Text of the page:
Testing leads to failure, and failure leads to understanding.
(and before you ask, I’d never heard of him either, but he’s worth looking up).
We saw in the last edition of Bird’s Eye View that bird keepers are forever trying out new ideas. For most of us that means minor ‘tweaking’ of our existing methods rather than a major overhaul. Nevertheless, even if you make only a small change it could have an effect on your birds and there is no guarantee it will be for the better. You are effectively conducting an experiment.
Any scientist who carries out an experiment will set out the parameters of the test, measure the outcome, and form a conclusion based on the results. The entire process would be carefully controlled. Variable factors that could skew the results are minimised. Compare that with a typical bird keeper who tries something new, hopes for the best, and bases his assessment of the results on little more than ‘gut feeling’. I’m as guilty as anyone. Wouldn’t it be better if we conducted a proper test?
Let’s take a hypothetical example. Imagine that one of your bird keeping friends tells you about a new supplement he’s discovered. It is full of minerals, vitamins and some exotic natural ingredient extracted from fungi found only in the Amazon forest. The sales brochure implies (but never guarantees) that it will give your birds better feather quality, deeper ground colour, greater vitality and higher fertility. You try it, have a productive breeding season and a successful show season. The logical conclusion is that the improvement is all down to the new product. Or is it?
The chances are you made several other changes that may have subtly changed the outcome. Perhaps you fitted new lamps in your bird house; perhaps you changed your eggfood, used a different mite treatment or tried a different disinfectant; perhaps you fed your birds spinach for the first time, or stopped feeding them spinach; perhaps you put your hens in an outside flight before the breeding season, or kept them indoors; perhaps you moved your best pairs to the other side of the bird room, or to the top row of cages; perhaps you selected a younger breeding team; perhaps you introduced a couple of out-crosses; perhaps, perhaps . . .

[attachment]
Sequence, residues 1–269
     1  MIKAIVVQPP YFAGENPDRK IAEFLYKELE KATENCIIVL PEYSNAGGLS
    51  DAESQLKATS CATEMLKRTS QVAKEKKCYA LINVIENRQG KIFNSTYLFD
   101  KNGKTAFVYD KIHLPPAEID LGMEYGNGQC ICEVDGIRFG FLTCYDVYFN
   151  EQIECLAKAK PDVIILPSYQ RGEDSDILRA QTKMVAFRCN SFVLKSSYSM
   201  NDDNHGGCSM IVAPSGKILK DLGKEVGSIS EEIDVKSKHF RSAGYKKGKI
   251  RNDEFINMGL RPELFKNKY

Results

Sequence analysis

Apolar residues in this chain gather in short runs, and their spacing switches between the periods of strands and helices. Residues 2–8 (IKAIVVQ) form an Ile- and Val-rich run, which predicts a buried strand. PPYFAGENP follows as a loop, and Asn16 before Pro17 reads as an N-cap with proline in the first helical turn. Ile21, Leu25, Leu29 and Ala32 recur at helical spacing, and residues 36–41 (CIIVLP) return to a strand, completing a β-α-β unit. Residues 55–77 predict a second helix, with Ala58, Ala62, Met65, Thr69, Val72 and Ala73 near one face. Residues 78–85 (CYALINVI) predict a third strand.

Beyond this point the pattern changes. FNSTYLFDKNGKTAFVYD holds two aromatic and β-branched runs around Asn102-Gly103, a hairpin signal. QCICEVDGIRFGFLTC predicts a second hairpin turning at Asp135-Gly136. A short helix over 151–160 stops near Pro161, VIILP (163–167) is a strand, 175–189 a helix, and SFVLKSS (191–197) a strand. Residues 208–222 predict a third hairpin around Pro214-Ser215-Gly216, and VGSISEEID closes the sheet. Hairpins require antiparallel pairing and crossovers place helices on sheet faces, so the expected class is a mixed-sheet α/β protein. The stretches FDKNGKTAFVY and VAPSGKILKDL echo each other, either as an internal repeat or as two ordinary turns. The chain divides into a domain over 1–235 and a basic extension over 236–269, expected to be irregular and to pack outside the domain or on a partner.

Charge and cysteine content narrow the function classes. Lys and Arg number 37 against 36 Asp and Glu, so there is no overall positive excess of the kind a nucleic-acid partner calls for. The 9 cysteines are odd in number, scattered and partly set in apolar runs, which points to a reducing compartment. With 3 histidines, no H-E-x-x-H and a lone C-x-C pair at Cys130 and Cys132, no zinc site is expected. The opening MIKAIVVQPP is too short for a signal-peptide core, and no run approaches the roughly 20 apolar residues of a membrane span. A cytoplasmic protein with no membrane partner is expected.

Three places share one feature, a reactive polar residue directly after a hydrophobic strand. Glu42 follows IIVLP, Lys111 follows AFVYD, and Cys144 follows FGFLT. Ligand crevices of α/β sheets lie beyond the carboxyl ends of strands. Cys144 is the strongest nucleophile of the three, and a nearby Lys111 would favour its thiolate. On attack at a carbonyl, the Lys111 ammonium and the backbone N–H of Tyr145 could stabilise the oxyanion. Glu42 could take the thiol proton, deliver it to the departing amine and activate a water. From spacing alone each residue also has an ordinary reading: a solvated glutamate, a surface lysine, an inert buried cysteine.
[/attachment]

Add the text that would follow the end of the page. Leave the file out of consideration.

The improvement may indeed be down to the ‘wonder product’, but how do you know? It could easily be thanks to one of the other changes you made, or a combination of several factors. I repeat, how do you know? That’s where testing comes in.
It is a fundamental principle in the development of a new product or a new system that the manufacturer/developer should test its performance. Can you imagine a new drug or a new cosmetic being launched without exhaustive testing? The testing industry has well established protocols (1) for undertaking their tests to ensure the results are accurate and representative of real life conditions. The average bird keeper operates on a very small scale and doesn’t have the resources to replicate those procedures, but that doesn’t mean testing is irrelevant.
Let me give you an example. Years ago I was told by an old canary breeder that rose hip tea would improve the colour of my birds if given throughout the moult. I don’t know why I was sceptical but I decided that a small experiment might be in order. I selected three birds and daily brewed the tea and let it cool before filling their drinking vessels. All the other birds received plain tap water. By November I was able to assess the result of my experiment . . . there was no difference.